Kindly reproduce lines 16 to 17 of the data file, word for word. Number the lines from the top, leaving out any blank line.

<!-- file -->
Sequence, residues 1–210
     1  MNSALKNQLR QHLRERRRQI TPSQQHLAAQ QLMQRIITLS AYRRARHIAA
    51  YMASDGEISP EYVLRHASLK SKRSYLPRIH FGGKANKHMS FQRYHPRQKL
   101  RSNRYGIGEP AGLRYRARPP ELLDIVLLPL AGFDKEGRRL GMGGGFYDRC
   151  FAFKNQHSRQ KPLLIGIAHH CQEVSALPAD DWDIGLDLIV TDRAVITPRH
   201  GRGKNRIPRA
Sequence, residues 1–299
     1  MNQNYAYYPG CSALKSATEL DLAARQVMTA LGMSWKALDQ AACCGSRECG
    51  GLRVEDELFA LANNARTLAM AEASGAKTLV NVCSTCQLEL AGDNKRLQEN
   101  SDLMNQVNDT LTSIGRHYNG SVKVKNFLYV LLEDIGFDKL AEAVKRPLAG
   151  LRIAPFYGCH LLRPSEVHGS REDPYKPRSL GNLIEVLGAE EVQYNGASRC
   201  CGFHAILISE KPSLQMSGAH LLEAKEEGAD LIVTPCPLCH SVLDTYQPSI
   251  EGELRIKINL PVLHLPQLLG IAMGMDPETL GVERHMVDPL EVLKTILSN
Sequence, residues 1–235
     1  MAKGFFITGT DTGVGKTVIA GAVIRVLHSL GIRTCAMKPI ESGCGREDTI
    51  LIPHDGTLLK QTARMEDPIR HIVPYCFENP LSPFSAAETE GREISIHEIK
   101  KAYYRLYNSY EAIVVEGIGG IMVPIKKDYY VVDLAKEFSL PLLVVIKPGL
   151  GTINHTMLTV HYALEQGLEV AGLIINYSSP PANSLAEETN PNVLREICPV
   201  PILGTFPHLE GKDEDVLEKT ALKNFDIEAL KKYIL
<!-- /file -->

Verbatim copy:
    51  LIPHDGTLLK QTARMEDPIR HIVPYCFENP LSPFSAAETE GREISIHEIK
   101  KAYYRLYNSY EAIVVEGIGG IMVPIKKDYY VVDLAKEFSL PLLVVIKPGL